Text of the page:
When music has "actual social relevance"



In a Los Angeles Times op-ed, a twenty-seven-year-old tried to reassure older readers that they are not "losing their marbles" or getting Alzheimer's because they sometimes forget a name, a movie plot point, or a detail or two.

Yeah, sure, that's easy for him to say. Oh, but I kid the twentysomething... because I am the person he's talking about (and because my mom and grandmother suffered from Alzheimer's). But seriously older and younger folks, I digress.

The point of my post, should I ever choose to make it, is this paragraph from his "Poor memory? Forget it" piece:

You have memorized the lyrics to hundreds of songs that were released back when music had actual social relevance. You have an accumulation of advanced degrees and tens of thousands of hours of work experience built up over decades. In comparison, my generation, with our supposedly stellar memories, can tell you Justin Timberlake's latest tour dates, and we can even remember the multiple passwords to our HBO Go, Hulu, iTunes and Spotify accounts. But we don't know how to actually do anything.

I don't spend much time comparing generations, but I found it interesting, generous, somewhat touching, and a little jarring that the author (Max Perry, a writer and yoga teacher) acknowledged music as a way to make social and political statements more emphatically "back in the day" vs. what's out there now.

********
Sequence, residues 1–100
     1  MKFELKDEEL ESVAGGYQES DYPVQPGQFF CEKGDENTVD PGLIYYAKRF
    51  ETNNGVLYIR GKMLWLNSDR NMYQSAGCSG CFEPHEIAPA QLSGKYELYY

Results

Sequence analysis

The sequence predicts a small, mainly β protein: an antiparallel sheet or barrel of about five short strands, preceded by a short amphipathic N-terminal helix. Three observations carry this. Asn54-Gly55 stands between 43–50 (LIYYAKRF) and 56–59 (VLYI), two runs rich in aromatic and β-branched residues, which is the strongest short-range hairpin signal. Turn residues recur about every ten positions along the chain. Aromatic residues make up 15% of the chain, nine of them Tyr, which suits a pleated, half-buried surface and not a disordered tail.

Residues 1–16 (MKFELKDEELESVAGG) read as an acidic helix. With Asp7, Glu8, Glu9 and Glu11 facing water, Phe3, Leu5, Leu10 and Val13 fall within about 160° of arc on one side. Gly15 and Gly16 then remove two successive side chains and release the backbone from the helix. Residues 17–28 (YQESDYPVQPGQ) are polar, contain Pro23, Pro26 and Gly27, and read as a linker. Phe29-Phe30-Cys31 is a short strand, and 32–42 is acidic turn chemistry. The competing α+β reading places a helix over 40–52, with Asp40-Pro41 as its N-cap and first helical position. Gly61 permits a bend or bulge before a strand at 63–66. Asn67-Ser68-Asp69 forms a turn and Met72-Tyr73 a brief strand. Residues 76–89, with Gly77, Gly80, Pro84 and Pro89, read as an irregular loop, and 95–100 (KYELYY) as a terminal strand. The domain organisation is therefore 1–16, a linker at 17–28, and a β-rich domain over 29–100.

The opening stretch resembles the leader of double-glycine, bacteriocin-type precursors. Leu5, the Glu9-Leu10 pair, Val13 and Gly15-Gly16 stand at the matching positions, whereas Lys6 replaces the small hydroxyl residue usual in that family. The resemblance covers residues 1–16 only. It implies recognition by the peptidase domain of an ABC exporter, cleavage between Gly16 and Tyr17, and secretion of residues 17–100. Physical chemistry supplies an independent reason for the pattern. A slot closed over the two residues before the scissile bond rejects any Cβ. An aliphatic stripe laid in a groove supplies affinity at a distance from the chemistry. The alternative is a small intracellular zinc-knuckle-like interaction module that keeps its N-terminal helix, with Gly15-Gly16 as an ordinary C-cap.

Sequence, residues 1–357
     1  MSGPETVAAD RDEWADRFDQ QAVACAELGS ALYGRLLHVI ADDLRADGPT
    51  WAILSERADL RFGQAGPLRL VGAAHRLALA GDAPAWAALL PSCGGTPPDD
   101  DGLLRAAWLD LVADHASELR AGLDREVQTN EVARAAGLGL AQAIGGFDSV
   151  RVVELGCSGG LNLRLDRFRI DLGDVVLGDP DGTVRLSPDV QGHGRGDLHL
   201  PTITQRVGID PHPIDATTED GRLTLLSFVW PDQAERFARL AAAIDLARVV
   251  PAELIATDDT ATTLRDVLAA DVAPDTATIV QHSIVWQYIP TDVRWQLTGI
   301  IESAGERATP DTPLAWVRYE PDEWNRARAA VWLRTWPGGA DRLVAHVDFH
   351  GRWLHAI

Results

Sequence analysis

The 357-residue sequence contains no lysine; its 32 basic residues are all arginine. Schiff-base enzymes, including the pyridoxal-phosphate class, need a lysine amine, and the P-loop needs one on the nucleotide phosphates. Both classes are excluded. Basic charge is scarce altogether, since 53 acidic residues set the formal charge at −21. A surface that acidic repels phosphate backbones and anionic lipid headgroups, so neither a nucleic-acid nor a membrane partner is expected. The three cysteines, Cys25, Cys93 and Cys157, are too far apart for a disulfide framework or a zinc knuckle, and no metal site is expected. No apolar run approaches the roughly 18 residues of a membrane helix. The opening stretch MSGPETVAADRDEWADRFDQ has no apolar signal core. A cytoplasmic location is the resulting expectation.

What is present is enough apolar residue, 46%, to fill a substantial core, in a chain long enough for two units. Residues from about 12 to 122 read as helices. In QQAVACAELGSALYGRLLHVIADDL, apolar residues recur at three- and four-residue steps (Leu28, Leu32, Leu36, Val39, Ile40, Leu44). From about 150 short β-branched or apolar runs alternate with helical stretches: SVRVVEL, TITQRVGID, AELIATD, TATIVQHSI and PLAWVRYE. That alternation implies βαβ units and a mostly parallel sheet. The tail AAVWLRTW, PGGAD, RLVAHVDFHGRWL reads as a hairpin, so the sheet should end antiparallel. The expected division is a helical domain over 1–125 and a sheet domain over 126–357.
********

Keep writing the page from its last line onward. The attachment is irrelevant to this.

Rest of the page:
My first impulse was to agree with him, based on all the protest songs back then:

But there has been so much contemporary social and political messaging by so many currently creative musicians, rap artists, and singers since then that I wonder if he overlooked some of them. But hey, it was very cool to get a hat tip and to walk down Memory Lane.

Here's to younger generations, their "actual social relevance", their (our) causes, and how they communicate them: